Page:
- Faith & Family
The Miami Mass Choir is back — headlining a concert of holiday favorites as part of the Free Gospel Sundays series this Sunday, Dec. 16th at 4 p.m. — and back in the studio completing the finishing touches on their fourth CD. And if things go according to God’s plans, says founder and director, Rev. Marc Cooper, “we’ll be back on the road again next year.”
Cooper, 41, is well known in Miami, first as an organist at his father’s church, Cooper Temple COGIC, then as the founder of the gospel group Marc Cooper and Friends and most recently as the pastor of a fast-growing church, Upper Room Ministries. He’s also played for some of legends in gospel music. But when he talks about the choir that he both founded and directs, the Miami Miami Mass Choir, one can hear the excitement in his voice.
“We don’t sing the typical church songs that many gospel choirs do,” he said. “We also do the Top 20 songs and even do some four- and five-part harmonies. For the Christmas concert, we’ll be the featured group and that’s pretty special for us. But then, we’ll be joined by some other great, local talent too so we know it’s going to be a wonderful afternoon of praise.”
Joining the Miami Mass Choir will be DNA MusicBoys, R.A.I.N. and S.I.G.N. [Singing in God’s Name] — the local winners of the Arsht Center’s inaugural “New Gospel Talent Search.”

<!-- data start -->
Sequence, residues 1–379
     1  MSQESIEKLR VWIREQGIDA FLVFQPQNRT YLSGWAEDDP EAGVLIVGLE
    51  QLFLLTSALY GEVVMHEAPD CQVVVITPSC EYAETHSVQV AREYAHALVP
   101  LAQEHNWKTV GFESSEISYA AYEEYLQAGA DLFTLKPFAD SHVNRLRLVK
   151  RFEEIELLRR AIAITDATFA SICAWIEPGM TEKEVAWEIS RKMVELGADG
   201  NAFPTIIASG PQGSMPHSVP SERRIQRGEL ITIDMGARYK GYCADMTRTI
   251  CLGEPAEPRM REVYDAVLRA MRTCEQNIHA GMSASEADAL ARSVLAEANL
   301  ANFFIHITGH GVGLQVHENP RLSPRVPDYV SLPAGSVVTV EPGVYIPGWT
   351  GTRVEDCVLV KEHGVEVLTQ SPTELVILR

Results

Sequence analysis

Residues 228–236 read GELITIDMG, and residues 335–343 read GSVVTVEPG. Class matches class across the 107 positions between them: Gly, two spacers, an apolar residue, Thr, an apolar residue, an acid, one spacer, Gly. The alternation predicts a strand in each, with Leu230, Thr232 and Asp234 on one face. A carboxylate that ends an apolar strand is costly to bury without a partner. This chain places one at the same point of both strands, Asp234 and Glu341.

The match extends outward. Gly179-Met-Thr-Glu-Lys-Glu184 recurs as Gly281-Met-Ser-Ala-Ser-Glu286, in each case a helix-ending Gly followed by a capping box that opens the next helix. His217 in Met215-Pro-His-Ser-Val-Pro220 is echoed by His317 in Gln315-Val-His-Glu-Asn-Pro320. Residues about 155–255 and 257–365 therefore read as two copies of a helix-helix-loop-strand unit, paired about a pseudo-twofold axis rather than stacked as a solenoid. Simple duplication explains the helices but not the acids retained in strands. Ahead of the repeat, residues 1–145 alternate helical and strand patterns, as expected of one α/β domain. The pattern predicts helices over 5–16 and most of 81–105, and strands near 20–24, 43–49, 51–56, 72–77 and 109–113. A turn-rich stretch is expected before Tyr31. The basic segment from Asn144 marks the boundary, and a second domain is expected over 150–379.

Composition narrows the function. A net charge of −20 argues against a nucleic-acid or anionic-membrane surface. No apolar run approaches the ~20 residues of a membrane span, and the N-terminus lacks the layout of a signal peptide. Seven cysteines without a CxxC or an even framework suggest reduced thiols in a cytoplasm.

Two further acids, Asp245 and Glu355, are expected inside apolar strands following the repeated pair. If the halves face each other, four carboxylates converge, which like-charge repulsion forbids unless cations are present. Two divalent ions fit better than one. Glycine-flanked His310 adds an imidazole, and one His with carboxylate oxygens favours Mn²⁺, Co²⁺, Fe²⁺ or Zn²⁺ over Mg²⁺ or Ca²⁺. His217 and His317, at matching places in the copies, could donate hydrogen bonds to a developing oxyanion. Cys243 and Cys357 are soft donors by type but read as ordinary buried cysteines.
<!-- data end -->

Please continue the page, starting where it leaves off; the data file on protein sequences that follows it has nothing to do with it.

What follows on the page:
The Miami Mass Choir made its debut in Oct. 2010 as the resident choir for the Arsht Center’s Free Gospel Sundays and has gained a reputation as one of the area’s finest, multicultural gospel choirs — representing over 50 of South Florida’s most talented voices. And you can’t just show up for rehearsal. All of the members must audition.
Changes in the gospel scene
We asked Cooper about the direction of gospel music today. He says that part of the challenge as a director is finding music that fits his choir’s abilities and the needs of the community.
“It starts with great song writing,” he said. “Music in the gospel industry has moved to a Sunday morning format — the songs are relatively simple and easy to pick up. But if you go back in gospel music history, you’ll hear songs that are much more intricately written. That was one of my challenges earlier in my career — I was writing songs that were jazz-based, had a Caribbean vibe or were written for singers and musicians that were very talented. The music was demanding and it just didn’t fit the Sunday morning format.”
Cooper promises to bring selections to the Sunday concert that have a Christmas theme but also fit within the context of the more popular “Sunday morning format.”
“We plan to have a great time and get people into the reason for the season,” he said.
By D. Kevin McNeir